Mortality of patients with systemic lupus erythematosus admitted to the intensive care unit – A retrospective single-center study

Guy Zamir, Yael Haviv-Yadid, Kassem Sharif, Nicola Luigi Bragazzi, Abdulla Watad, Amir Dagan, Howard Amital, Yehuda Shoenfeld*, Ora Shovman

*Corresponding author for this work

Research output: Contribution to journalArticlepeer-review

13 Scopus citations

Abstract

Systemic lupus erythematosus (SLE) is a heterogeneous autoimmune disease that results in increased morbidity and mortality. Under certain conditions, patients with SLE may be admitted to the intensive care unit (ICU) secondary to infectious disease flare-ups or other non-SLE disease conditions that are aggravated by SLE. The aim of our study was to investigate the causes and outcomes of ICU-admitted patients with SLE. This is a retrospective cohort study involving paitents with SLE that were admitted to the general ICU at Sheba Medical Center between 2002 and 2015. Outcome was measured by the 30-day mortality and the Acute Physiology and Chronic Health Evaluation (APACHE) II score. Demographic, diagnostic, physiological, and laboratory variables of survivors and nonsurvivors were compared using univariate and multivariate Cox regression analyses. A receiver operating characteristic curve was plotted for significant variables to illustrate their diagnostic capabilities. Twenty-seven patients were admitted to the ICU (female: 21 [77%], mean age ± SD: 51.1 ± 15.4 years). The mean ± SD APACHE II score and 30-day mortality rate were 23.4 ± 8.3 and 29.6%, respectively. Infections, especially lower respiratory tract infections, were the cause of 66.7% of admissions and accounted for 87.5% of deaths. APACHE II scores, bacteremia, and gram-negative infections were significantly associated with mortality (p = 0.033, p = 0.022, and p = 0.01, respectively). An APACHE II score of 27 and above was the strongest predictor of mortality with a sensitivity and specificity of 83.3% and 84.2%, respectively (AUC = 0.82, p = 0.022). Patients with SLE that were admitted to the ICU with gram-negative infections, sepsis, or an APACHE II score of 27 and above have a higher mortality rate and thus should be promptly identified and treated accordingly.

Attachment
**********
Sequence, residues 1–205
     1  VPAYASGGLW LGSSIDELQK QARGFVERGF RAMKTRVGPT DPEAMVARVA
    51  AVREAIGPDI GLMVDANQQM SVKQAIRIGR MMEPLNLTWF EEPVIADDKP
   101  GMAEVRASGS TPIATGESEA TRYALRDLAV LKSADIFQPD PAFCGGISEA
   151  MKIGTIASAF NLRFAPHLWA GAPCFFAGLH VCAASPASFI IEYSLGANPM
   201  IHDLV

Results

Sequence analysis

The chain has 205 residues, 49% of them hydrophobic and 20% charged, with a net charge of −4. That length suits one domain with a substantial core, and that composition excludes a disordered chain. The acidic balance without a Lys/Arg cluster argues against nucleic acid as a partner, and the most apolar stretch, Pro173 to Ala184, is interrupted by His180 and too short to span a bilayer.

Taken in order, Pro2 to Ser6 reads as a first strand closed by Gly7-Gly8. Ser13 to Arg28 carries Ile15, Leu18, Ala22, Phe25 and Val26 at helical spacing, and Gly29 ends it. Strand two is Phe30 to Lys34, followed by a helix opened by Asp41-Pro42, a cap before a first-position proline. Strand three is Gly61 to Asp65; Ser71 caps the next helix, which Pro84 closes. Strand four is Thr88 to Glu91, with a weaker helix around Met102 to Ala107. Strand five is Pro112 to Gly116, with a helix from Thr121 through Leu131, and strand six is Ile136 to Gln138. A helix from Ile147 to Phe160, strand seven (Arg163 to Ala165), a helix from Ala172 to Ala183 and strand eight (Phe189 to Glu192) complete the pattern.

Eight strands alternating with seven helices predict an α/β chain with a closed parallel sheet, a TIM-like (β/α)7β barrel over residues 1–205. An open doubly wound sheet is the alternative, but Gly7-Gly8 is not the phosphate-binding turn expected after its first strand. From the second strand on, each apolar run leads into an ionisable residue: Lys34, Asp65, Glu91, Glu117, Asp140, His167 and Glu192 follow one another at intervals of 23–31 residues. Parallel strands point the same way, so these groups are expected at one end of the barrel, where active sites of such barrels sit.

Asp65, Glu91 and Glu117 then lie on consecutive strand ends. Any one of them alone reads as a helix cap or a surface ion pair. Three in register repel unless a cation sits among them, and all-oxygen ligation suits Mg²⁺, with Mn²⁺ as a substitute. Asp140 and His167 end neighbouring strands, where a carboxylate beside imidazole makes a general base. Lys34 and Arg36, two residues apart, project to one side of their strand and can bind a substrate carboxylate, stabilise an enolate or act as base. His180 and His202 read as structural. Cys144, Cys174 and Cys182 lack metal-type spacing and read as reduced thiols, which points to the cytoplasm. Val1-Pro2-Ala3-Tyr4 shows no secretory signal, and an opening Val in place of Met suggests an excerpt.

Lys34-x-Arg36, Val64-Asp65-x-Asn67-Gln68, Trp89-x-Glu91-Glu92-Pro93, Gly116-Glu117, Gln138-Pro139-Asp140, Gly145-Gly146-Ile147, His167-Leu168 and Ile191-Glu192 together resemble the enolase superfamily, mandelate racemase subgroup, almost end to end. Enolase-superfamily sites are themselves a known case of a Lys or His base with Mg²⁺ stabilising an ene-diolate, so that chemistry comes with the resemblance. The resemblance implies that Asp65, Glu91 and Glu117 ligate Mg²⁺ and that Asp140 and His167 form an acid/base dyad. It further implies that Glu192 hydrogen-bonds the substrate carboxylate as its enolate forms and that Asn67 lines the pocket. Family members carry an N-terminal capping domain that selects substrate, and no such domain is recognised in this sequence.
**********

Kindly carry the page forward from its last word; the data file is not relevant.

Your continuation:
Original languageEnglish
Pages (from-to)701-709
Number of pages9
JournalBest Practice and Research: Clinical Rheumatology
Volume32
Issue number5
DOIs
StatePublished - Oct 2018

Keywords

  • APACHE II score
  • Intensive care unit
  • Mortality
  • Systemic lupus erythematosus

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